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Dorchester applies for city status
DORSET’S historic county town of Dorchester has applied to become a city.
One town in England will gain city status to mark the Queen’s Diamond Jubilee next year.
There can only be one winner in the City Status Competition and community leaders in the town believe Dorchester has got what it takes to scoop the first prize.
Town councillors’ unanimously agreed to enter a submission for Dorchester at a policy committee meeting held on Tuesday evening.
City status does not apply automatically on the basis of any particular criteria, although it was traditionally given to towns with diocesan cathedrals.
However in the 20th century it was recognised that city status in England and Wales would no longer be bound by the presence of a cathedral.
Town clerk Dennis Holmes, speaking at the meeting, said: “This is a real opportunity and Dorchester could put a strong case – we tick a lot of the boxes.”
He added that it would not cost any more to run Dorchester as a city than it does running it as a town.
Mr Holmes said the only additional expenditure would arise from modifying the signage in the town.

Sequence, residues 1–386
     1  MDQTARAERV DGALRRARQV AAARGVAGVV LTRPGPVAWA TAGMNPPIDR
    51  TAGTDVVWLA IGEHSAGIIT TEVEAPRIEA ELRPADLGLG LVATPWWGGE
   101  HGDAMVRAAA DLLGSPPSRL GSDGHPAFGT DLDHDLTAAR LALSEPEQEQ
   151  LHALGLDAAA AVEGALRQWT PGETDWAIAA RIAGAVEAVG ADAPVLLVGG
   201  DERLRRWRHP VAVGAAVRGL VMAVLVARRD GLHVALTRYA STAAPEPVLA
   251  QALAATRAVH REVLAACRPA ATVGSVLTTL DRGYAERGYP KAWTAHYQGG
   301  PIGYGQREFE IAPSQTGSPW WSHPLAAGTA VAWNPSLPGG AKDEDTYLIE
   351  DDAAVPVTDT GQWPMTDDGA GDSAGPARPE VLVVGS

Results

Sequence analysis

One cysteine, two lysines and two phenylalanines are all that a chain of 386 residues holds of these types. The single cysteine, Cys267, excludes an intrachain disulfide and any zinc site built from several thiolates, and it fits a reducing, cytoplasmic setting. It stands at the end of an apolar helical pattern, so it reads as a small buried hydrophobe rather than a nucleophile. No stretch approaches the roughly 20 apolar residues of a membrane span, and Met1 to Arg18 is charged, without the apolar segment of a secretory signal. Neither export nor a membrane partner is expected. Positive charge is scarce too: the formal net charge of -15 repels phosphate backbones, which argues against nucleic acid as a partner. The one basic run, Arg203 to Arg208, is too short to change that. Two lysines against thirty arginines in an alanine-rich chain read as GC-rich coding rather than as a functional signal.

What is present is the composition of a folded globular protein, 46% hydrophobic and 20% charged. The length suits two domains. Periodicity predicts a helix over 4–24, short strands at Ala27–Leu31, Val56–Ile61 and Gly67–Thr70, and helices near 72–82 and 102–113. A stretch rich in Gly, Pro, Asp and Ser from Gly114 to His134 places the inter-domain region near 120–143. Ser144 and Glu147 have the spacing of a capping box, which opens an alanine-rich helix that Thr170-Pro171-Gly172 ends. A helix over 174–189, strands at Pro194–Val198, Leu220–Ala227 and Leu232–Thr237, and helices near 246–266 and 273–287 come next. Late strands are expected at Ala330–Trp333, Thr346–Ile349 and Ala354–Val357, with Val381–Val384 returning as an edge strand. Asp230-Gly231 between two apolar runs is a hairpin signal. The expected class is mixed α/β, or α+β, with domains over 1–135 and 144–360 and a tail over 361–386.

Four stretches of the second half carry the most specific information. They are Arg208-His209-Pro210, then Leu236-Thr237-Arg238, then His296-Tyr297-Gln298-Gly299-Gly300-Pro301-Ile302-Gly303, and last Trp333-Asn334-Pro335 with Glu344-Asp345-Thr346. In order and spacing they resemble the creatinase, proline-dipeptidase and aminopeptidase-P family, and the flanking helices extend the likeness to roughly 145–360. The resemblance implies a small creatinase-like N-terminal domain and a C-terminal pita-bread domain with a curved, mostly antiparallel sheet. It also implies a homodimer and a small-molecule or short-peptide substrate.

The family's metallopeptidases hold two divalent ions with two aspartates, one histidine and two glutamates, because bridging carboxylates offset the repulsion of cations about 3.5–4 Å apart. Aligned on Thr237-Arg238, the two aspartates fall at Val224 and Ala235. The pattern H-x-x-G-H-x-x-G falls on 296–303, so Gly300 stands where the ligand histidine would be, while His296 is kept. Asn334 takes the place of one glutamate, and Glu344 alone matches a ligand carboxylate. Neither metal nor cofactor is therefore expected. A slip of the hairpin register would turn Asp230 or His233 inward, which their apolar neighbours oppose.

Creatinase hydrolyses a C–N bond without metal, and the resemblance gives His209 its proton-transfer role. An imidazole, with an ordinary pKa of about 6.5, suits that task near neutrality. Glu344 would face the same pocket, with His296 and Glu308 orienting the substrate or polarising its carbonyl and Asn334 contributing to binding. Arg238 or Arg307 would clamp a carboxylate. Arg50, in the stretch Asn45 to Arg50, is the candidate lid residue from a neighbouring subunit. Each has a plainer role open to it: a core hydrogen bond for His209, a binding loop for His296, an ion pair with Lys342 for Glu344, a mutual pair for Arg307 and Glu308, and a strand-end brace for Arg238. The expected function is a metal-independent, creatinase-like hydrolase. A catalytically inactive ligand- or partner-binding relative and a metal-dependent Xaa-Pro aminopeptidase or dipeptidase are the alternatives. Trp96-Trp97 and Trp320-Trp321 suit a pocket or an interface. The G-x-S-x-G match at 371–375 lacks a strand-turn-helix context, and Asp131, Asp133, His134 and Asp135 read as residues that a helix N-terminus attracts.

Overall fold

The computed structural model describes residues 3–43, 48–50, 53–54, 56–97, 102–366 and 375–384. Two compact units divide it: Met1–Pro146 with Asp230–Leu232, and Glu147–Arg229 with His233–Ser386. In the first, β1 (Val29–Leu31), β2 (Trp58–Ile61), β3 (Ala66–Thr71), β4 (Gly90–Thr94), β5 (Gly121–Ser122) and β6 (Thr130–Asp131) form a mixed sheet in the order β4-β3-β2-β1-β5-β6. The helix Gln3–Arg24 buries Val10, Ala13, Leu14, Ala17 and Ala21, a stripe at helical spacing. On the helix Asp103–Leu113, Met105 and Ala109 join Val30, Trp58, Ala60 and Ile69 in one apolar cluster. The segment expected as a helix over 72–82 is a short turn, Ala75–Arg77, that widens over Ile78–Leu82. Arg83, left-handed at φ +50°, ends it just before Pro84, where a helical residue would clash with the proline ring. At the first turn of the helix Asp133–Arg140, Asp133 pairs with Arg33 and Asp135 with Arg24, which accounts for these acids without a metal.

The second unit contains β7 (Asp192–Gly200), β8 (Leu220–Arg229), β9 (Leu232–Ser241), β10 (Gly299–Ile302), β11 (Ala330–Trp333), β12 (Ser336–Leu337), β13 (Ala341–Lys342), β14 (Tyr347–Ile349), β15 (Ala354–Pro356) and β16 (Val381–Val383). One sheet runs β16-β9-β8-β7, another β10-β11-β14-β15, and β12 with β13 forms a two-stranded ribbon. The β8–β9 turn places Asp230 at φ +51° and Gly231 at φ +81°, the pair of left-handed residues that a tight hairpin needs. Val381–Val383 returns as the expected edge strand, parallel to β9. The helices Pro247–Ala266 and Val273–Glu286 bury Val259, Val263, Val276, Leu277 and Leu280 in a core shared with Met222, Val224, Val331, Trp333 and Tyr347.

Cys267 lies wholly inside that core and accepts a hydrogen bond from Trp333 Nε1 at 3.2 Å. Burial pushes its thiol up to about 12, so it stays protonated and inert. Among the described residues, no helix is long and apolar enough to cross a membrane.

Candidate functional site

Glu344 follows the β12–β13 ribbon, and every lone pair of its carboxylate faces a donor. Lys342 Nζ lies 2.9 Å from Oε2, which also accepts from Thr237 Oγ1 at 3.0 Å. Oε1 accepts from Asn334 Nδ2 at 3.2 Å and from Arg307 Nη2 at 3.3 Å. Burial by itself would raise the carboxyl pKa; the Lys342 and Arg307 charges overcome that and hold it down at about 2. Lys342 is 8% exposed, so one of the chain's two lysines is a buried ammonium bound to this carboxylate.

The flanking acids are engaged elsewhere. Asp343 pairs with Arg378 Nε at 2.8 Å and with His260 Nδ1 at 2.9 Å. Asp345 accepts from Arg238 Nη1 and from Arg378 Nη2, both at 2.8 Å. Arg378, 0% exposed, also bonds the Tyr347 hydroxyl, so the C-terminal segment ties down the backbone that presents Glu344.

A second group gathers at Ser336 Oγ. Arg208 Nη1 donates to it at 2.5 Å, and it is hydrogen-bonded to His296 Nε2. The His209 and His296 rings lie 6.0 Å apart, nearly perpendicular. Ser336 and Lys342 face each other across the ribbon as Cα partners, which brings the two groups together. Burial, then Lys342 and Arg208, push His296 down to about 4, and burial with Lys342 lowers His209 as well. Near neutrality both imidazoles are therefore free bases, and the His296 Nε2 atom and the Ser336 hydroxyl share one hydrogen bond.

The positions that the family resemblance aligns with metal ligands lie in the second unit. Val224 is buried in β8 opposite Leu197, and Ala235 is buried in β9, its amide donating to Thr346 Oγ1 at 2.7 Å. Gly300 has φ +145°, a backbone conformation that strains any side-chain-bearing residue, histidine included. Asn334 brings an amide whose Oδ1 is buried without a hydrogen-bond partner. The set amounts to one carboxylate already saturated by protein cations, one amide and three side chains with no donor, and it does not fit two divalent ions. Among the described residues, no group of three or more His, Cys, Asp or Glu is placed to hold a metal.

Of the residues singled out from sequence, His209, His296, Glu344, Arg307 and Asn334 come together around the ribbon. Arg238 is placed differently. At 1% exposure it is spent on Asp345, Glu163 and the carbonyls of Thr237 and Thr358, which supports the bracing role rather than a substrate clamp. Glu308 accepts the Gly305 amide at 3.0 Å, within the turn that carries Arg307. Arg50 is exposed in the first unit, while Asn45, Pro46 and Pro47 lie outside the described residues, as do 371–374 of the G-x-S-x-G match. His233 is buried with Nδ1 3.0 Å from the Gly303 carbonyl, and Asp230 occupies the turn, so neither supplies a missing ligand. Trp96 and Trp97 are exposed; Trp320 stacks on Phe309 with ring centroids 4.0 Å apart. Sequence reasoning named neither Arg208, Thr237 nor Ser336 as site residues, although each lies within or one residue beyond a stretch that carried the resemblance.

The town crier, Alistair Chisholm, said: “London, Paris, New York and Dorchester – it rolls off the tongue, doesn’t it?
“If it has got to be a place that has a long history then Dorchester certainly qualifies.
“Dorchester is growing and we have strong royal connections. If there is going to be a competition, I think we are certainly deserving of city status.”
Mayor of Dorchester Les Phillips, whose role would be elevated to Lord Mayor shoud Dorchester be successful, added: “I think it’s an excellent chance for Dorchester to really be put on the map.
“I think they will look favourably at what’s happening in Dorchester.”
Dorchester town, district and county councillor Trevor Jones added: “There’s nothing to lose from this and there’s a lot to gain.
“I am sure competition will be stiff but we must put our best foot forward.
“It’s a town with a great sense of identity and community spirit and I think we should put in a strong bid.”
The smallest city in the UK is currently St David’s in Wales with a population of 2,000 while Dorchester has a population of more than 17,500.
Any local authority in any part of the UK can enter the competition but guidelines suggest that places honoured should be ‘vibrant, welcoming communities with interesting histories and distinct identities’.
It is not clear how entries will be judged but the winner will be announced next year.